At Shore, it's a clean getaway Stone Harbor is the only N.J. beach on a new list of the nation's healthiest. As a matter of fact, it was the only one that applied.

Posted: June 25, 2004

STONE HARBOR, N.J. — This resort, home to some of the Jersey Shore's most expensive real estate, is the only one in the state on a list being released today of the top beaches in the nation.

The designation does not necessarily mean other beaches in New Jersey aren't just as clean, healthy or environmentally sound. It's just that no other town applied for the honor.

Still, local officials called the rating by the nonprofit Clean Beaches Council proof that Stone Harbor's 2 1/2-mile strand is, as the town's slogan says, "The Seashore at Its Best."

"There is no boardwalk here, no honky-tonk. It's just a beautiful, well-kept town and beach," said Don Furmanski, a trustee of the Stone Harbor Property Owners Association.

A year ago, Stone Harbor set its sights on getting the Washington-based Clean Beaches Council to rate it among the best beaches in the country, Furmanski said.

"This is something we really wanted to bring to Stone Harbor because we truly believe we have the best town and the best beaches at the Jersey Shore," he said. "This isn't something you can buy. It's a rating that has to be earned."

Clean Beaches Council representatives secretly visited to observe the beach, then paid an official call to determine whether the Cape May County resort was worthy of the Blue Wave rating, the council's stamp of approval.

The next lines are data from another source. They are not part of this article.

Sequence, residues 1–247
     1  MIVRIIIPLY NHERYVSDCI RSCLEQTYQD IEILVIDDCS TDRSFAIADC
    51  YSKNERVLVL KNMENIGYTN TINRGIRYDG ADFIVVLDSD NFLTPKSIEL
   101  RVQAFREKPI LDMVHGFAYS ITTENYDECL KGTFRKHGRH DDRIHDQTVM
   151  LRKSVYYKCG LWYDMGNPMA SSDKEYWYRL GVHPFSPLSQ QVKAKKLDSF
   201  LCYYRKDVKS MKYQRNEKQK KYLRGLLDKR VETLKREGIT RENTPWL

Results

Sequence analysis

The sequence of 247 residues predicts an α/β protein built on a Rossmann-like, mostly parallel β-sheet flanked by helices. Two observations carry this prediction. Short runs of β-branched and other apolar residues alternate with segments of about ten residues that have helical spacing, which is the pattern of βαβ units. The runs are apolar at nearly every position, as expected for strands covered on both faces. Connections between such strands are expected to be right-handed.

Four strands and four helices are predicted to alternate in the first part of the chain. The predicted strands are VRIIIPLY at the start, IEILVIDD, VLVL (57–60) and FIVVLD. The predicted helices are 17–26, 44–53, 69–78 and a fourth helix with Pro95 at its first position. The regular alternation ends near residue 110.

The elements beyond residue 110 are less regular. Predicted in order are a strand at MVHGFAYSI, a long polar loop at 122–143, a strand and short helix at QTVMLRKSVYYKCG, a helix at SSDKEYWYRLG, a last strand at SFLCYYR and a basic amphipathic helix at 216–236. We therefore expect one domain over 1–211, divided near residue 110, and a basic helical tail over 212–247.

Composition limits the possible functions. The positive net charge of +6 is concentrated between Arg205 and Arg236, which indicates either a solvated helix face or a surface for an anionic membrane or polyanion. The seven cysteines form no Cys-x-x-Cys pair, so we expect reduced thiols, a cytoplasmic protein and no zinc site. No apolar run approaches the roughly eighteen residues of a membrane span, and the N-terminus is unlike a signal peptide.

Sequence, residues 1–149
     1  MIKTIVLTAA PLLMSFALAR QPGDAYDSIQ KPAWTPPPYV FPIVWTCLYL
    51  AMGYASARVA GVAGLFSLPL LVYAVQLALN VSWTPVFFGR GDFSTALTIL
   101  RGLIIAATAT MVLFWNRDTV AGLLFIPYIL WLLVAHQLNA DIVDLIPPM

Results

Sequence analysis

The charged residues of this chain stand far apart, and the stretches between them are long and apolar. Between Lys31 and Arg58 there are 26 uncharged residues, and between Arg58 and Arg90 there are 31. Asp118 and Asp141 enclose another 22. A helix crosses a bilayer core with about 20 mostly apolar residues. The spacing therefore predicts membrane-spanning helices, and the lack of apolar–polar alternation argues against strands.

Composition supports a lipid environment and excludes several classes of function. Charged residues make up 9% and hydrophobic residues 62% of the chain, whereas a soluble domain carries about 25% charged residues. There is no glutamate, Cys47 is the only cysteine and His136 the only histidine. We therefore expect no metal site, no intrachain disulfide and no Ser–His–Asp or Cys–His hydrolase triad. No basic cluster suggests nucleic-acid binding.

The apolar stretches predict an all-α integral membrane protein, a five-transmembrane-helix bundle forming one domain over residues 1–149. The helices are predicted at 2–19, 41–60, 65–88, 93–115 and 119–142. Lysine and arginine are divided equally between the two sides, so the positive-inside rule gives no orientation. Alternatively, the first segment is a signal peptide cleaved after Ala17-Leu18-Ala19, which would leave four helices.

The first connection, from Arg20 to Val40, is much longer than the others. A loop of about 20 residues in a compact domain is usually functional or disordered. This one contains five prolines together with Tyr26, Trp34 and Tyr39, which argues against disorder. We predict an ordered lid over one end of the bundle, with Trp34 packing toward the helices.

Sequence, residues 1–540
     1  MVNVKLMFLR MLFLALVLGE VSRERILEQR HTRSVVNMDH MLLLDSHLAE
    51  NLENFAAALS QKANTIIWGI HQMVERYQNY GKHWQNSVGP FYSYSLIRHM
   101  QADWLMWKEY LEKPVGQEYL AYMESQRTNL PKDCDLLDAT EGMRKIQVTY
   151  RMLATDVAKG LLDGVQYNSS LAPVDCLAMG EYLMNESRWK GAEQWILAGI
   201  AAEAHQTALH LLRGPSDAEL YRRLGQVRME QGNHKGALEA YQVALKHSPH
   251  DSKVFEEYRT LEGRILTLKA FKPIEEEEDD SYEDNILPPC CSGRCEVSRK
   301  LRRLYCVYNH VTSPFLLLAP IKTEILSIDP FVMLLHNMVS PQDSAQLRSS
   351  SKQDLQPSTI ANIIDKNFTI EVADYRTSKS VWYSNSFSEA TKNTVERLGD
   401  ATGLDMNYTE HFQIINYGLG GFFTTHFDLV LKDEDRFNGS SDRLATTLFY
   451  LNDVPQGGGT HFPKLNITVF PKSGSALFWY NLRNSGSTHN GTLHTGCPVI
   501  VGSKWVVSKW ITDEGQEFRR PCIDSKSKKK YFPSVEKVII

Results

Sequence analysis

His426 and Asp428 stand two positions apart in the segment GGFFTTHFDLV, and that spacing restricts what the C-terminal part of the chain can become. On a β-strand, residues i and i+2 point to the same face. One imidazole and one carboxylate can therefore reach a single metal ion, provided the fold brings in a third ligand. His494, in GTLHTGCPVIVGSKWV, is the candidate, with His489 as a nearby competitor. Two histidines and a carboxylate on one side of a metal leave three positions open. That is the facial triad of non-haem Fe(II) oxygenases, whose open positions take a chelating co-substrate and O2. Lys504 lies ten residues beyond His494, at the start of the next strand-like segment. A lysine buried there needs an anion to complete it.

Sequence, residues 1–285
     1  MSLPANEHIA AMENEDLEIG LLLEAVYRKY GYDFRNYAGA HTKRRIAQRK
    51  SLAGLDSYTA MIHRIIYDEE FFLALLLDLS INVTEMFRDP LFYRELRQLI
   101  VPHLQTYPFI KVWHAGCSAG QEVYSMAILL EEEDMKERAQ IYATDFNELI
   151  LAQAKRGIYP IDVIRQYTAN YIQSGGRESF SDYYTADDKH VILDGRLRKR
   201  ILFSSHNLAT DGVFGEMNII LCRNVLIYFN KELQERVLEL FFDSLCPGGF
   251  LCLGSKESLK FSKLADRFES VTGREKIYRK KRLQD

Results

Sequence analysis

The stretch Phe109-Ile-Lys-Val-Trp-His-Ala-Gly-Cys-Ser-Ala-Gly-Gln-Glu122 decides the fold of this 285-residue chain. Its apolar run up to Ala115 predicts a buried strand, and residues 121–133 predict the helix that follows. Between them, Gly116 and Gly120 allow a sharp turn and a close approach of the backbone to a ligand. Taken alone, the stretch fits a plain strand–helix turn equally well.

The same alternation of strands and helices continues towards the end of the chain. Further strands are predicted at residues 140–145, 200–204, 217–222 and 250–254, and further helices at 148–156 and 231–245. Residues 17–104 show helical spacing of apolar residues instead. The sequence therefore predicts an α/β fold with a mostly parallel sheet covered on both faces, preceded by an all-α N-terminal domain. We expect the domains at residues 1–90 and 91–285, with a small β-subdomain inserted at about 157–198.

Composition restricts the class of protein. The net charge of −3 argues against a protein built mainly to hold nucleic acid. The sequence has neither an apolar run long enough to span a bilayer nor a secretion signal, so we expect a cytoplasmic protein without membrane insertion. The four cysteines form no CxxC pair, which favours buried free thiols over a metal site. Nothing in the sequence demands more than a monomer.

Stone Harbor made the cut because of the high water quality and the signs for "zoned beaches" for swimming, fishing, surfing and other activities, said Walter McLeod, president of the Clean Beaches Council.

In addition, the borough has a detailed public-safety and disaster-management plan for its shore that covers everything from jellyfish stings to shark attacks, McLeod said.

The only other Shore resort ever named to the list was Sandy Hook, when the rating was created six years ago.

"We had some inquiries about the designation from other New Jersey towns after the deadline this year," McLeod said, "so I would not be surprised that in 2005 there will be other towns in New Jersey that will be looked at for certification."

Through its national environmental and public-safety certification program, McLeod said, the council hopes to "establish a new ethic for the beachgoing public."

"We hope the public begins to look to the beach as not just a great recreational opportunity but as a priceless, national resource that needs to be preserved and protected."

Stone Harbor Mayor Suzanne Walters said she was thrilled by the Blue Wave designation, which will be promoted with blue-and-white flags at the beach and pamphlets at businesses and real estate offices.

"Everyone wins when beaches are clean and safe," Walters said. "The voluntary Blue Wave campaign is an innovative way for beaches managed with respect for the environment to stand apart from the others."

Also receiving the Blue Wave certification today are two beaches in Delaware, Bethany and Lewes.

In addition, 43 beaches in Florida received the designation this year as well as one beach in each of the states of Alabama, Michigan, North Carolina, South Carolina, Texas, Virginia and Wisconsin.

Contact staff writer Jacqueline L. Urgo at 609-823-9629 or

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